Not so Lost Causes

The Catholic Avant-Garde: French Catholicism Since World War II

edited by Jean-Marie Domenach, edited by Robert de Montvalon
Holt, Rinehart & Winston, 245 pp., $5.95

The French Communist Party and the Crisis of International Communism

by François Fejtö
MIT, 225 pp., $10.00

Strategy For Labor: A Radical Proposal

by André Gorz
Beacon, 199 pp., $5.95

Charles de Gaulle
Charles de Gaulle; drawing by David Levine

One of the surprises awaiting the perfidious Anglo-Saxon who crosses the Channel into Gaul (not to mention the Anglo-American who traverses the Atlantic) is that few people in France can be bothered to discuss political issues in economic terms. Whether it be East-West relations, European union, or the future of their own country, the French display an obstinate tendency to put politics first, and politics in France includes what elsewhere is known as “ideology.” Even in relation to communism—allegedly a doctrine related to Marxian economics—this hereditary predisposition can be seen at work. The disputants do not trouble themselves too much about economic foundations; what engages their attention is the political and ideological superstructure.

It is arguable that this unbalance is the fault of the educational system, a system now greatly modernized in comparison to what it was in 1945, but still a trifle over weighted on the philosophical side. Behind it, however, there lies the weight of a tradition which allots to the state a commanding role in relation to society, not least in the economic sphere. For a variety of reasons, liberalism as a doctrine never conquered France as thoroughly as it did England and America, which is another way of saying that capitalism as an economic system was never accorded that complete acceptance which elsewhere has enabled public men to identify the operation of the market economy with something called “our way of life.”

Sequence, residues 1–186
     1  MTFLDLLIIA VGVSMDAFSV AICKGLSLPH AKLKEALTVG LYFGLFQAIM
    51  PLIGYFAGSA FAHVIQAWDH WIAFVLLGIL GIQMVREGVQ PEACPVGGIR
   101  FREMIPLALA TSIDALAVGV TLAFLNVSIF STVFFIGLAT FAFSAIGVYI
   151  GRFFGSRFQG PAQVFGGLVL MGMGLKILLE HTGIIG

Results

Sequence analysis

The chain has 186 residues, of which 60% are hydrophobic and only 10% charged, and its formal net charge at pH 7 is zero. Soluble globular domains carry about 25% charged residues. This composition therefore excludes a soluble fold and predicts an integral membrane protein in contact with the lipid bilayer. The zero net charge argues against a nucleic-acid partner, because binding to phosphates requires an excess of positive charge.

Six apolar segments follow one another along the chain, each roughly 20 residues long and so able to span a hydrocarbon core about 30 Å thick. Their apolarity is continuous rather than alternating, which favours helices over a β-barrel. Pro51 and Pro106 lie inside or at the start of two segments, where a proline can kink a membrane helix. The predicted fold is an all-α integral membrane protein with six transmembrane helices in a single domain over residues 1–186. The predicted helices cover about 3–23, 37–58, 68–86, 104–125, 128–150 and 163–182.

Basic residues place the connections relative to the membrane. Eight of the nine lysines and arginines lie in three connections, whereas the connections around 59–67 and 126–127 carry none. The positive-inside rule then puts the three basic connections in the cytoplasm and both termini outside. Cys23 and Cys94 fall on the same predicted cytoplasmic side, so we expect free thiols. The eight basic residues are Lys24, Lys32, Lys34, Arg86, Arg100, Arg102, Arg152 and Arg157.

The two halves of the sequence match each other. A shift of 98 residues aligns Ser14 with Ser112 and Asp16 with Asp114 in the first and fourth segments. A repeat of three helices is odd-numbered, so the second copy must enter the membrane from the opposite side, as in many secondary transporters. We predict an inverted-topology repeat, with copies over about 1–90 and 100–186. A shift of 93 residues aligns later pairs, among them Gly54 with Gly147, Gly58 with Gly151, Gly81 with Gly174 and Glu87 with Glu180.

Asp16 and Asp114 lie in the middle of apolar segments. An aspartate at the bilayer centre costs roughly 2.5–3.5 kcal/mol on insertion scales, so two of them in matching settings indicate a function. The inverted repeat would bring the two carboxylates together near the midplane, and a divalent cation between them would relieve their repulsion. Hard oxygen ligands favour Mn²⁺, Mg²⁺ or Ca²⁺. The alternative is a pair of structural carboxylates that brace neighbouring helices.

Even during the best years of the Third Republic, when the liberals had pretty much won control of state and society, an undercurrent of opposition was kept alive by Catholic conservatives and Marxist socialists alike. The debacle of 1940, among other things, also wrote finis to the uncontrolled rule of the bourgeoisie. When in 1945 some of its more eminent representatives called upon General de Gaulle as head of the Provisional Government, to protest against various proposed nationalization measures, they were given the cold shoulder. And when a decade later the General, then in retirement, settled down to write his memoirs, he referred to the subject in terms suggesting that both “the communist system” and “integral liberalism” were doctrinaire extremes to be avoided, and that if communism was to be headed off, the social order would somehow have to be recast (cf. Memoires de Guerre, vol. 3, pp. 92 ff).

AGAINST THIS BACKGROUND, the formation of a radical current within French Catholicism must be seen as a phenomenon sharply set off from the older conservative anti-capitalism which in the minds of old-fashioned rural Catholics, had usually gone together with simple dislike of the modern world. The two attitudes can easily be confused, naively or not, which is why Catholic professions of concern for the welfare of the working class (or “the poor”) were for long treated with skepticism by a Left trained to regard the Church as the principal enemy of the Revolution.…

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